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Usually finding $\ker(T)$ with a matrix that represents the transformation is relatively straightforward. You solve for $Ax = 0$ by using gauss-jordan.

But when you do not have a matrix that represents the transformation (it's not provided), solving $Ax = 0$ is rather confusing and less straightforward. I want to know if there is a general pattern or guidelines in solving this types of problems.

Examples:

$1)$ $T: \Bbb M_{2 \times 2} \longrightarrow P_2[x]$ defined by $$T\left [\begin{pmatrix} a & b \\ c & d \end{pmatrix}\right ] \mapsto (a+b) + (b+c)x + (c+d)x^2.$$

$2)$ $T: P_2[t] \longrightarrow \Bbb M_{2 \times 2}$ defined by $$p(t) \mapsto \begin{pmatrix} p(0) & p'(0) \\ p'(0) & p''(0) \end{pmatrix}.$$

I am not asking how to solve these to examples, I am asking what are the guidelines (Steps) to solve problems of the same genre.

If you could also point me two a ressource where I could find more problems of this type so I can practice myself; I would be really grateful.

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  • $\begingroup$ For the first problem $ker (T) = \left \{\begin{pmatrix} a & -a \\ a & -a \end{pmatrix} \in \Bbb M_{2 \times 2} (\Bbb R) : a \in \Bbb R \right \}.$ $\endgroup$
    – little o
    Mar 28, 2019 at 17:06

4 Answers 4

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The first comes down to finding all matrices $\begin{pmatrix}a&b\\c&d \end{pmatrix}$ such that its $T$-value is the $0$-polynomial $0+0\cdot x+0\cdot x^2$, i.e. $a+b=0$ and $b+c=0$ and $c+d=0$. This is just a standard linear system of 3 equations in $4$ variables. It consists of all matrices of the form (using $d$ as a free variable) $\begin{pmatrix}-t & t \\ -t & t\end{pmatrix}, t \in \mathbb{R}$.

The last looks for all polynomials $p(t)$ of at most degree $2$ such that $p(0)=0=p'(0)=p''(0)$ and setting $p(t)=a+bt + ct^2$, so $p'(t)=b+2ct$, $p''(t)=2c$ these conditions yield $2c=0$ so $c=0$, then using the $p'(0)=0$ we get $b=0$ and finally $p(0)=0$ gives $a=0$, so only the $0$-polynomial lies in the kernel.

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For the first problem $$ker (T) = \left \{\begin{pmatrix} a & -a \\ a & -a \end{pmatrix} \in \Bbb M_{2 \times 2} (\Bbb R) : a \in \Bbb R \right \}$$ and for the second problem $ker(T)$ contains all the polynomials of which has no term upto $x^2.$ But the degree of each polynomial in $\Bbb P_2[t]$ is at most $2.$ So for the second problem $ker (T) = \{0 \}.$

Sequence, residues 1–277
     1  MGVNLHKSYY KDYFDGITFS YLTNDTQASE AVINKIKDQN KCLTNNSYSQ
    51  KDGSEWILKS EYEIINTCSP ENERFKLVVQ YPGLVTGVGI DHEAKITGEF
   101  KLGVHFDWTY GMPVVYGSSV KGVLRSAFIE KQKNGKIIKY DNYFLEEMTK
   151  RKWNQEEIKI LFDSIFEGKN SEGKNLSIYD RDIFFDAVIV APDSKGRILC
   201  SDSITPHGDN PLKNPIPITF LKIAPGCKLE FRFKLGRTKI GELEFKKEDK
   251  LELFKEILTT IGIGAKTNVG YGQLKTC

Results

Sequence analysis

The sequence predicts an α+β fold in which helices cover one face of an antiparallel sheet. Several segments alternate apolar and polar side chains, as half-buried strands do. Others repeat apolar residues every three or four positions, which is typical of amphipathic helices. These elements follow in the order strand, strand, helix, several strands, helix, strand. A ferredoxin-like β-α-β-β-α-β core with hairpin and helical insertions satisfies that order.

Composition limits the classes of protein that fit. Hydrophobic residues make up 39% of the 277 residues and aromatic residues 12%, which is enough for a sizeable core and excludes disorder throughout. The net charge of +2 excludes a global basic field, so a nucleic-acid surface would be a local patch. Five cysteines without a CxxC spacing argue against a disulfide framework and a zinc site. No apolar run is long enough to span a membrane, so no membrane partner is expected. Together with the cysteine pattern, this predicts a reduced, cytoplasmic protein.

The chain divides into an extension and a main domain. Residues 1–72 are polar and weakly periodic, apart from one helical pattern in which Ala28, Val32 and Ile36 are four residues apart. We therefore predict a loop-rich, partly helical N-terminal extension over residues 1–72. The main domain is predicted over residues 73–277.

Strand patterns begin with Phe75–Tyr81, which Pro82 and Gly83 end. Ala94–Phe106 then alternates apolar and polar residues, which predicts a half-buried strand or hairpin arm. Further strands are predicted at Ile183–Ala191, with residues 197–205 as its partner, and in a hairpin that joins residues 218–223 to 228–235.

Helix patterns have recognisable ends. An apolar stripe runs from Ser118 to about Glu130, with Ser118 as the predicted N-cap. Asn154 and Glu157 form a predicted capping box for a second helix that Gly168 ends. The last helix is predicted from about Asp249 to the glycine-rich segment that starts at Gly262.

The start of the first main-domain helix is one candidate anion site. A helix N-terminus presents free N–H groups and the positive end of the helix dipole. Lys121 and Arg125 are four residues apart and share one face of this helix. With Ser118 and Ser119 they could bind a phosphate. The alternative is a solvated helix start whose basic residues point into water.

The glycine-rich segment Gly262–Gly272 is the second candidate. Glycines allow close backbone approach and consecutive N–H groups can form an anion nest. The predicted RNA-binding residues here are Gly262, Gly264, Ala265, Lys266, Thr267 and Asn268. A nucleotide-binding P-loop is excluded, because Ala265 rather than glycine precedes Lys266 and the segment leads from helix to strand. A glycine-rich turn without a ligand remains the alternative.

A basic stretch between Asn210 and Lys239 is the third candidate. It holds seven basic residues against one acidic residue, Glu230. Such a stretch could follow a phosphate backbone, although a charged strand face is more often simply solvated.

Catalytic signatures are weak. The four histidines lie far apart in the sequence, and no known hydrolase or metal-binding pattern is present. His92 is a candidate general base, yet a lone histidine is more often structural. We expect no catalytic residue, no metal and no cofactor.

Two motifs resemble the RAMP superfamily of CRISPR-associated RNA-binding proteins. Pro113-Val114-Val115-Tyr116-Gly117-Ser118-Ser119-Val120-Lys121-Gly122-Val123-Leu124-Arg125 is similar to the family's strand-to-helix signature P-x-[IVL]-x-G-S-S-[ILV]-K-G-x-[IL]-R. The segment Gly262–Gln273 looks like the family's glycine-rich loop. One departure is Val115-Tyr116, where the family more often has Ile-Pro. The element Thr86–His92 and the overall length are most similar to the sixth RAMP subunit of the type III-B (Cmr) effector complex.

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    $\begingroup$ $\ker(T)$ does not contain all polynomials of degree$\ge3$ $\endgroup$ Mar 28, 2019 at 17:22
  • $\begingroup$ Because constant coefficient, coefficient of $x$ and coefficient of $x^2$ are all zero by the condition that $p(0)=p'(0)=p''(0) =0.$ $\endgroup$
    – little o
    Mar 28, 2019 at 17:23
  • $\begingroup$ $x^3+x$ is also a polynomial of degree $3$ but doesn't lie in the kernel. Perhaps you meant all polynomials with the lowest exponent of $x\ge3$? $\endgroup$ Mar 28, 2019 at 17:24
  • $\begingroup$ But the problem is that there is no polynomial in $\Bbb P_2[t]$ of degree greater or equal to $3.$ So the only polynomial satisfying the result is the zero polynomial. $\endgroup$
    – little o
    Mar 28, 2019 at 17:26
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    $\begingroup$ Oh! Yeah. Sorry. I will edit. $\endgroup$
    – little o
    Mar 28, 2019 at 17:27
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You always have matrices representing the linear map. Let's do the first one.

Consider the basis $$ E_1=\begin{bmatrix} 1 & 0 \\ 0 & 0 \end{bmatrix}, \quad E_2=\begin{bmatrix} 0 & 1 \\ 0 & 0 \end{bmatrix}, \quad E_3=\begin{bmatrix} 0 & 0 \\ 1 & 0 \end{bmatrix}, \quad E_4=\begin{bmatrix} 0 & 0 \\ 0 & 1 \end{bmatrix} $$ of the domain and the basis $\{1,x,x^2\}$ of the codomain.

Then the matrix of $T$ with respect to these bases is $$ \begin{bmatrix} 1 & 1 & 0 & 0 \\ 0 & 1 & 1 & 0 \\ 0 & 0 & 1 & 1 \end{bmatrix} $$ and the RREF is $$ \begin{bmatrix} 1 & 0 & 0 & 1 \\ 0 & 1 & 0 & -1 \\ 0 & 0 & 1 & 1 \end{bmatrix} $$ The null space of this matrix has a basis consisting of the single vector $$ \begin{bmatrix} -1 \\ 1 \\ -1 \\ 1 \end{bmatrix} $$ so that the matrix this is the coordinate vector of, namely $$ -E_1+E_2-E_3+E_4=\begin{bmatrix} -1 & 1 \\ -1 & 1 \end{bmatrix} $$ forms a basis of the kernel of $T$.

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When in doubt, fall back on basic definitions: the kernel of a linear transformation is the set of vectors in its domain that get mapped to $0$.

So, for the first problem, you’re looking for $a,b,c,d\in\mathbb R$ such that $(a+b)+(b+c)x+(c+d)x^2=0$ for all $x$. This means that all of the coefficients of this polynomial must vanish, which gives you a system of linear equations to solve for $a$, $b$, $c$ and $d$.

In the same vein, for the second problem, you’re looking for polynomials $p(t)=a+bt+ct^2$ such that $p(0)=p'(0)=p''(0)=0$. Each of these conditions generates a rather simple linear equation in $a$, $b$ and $c$.

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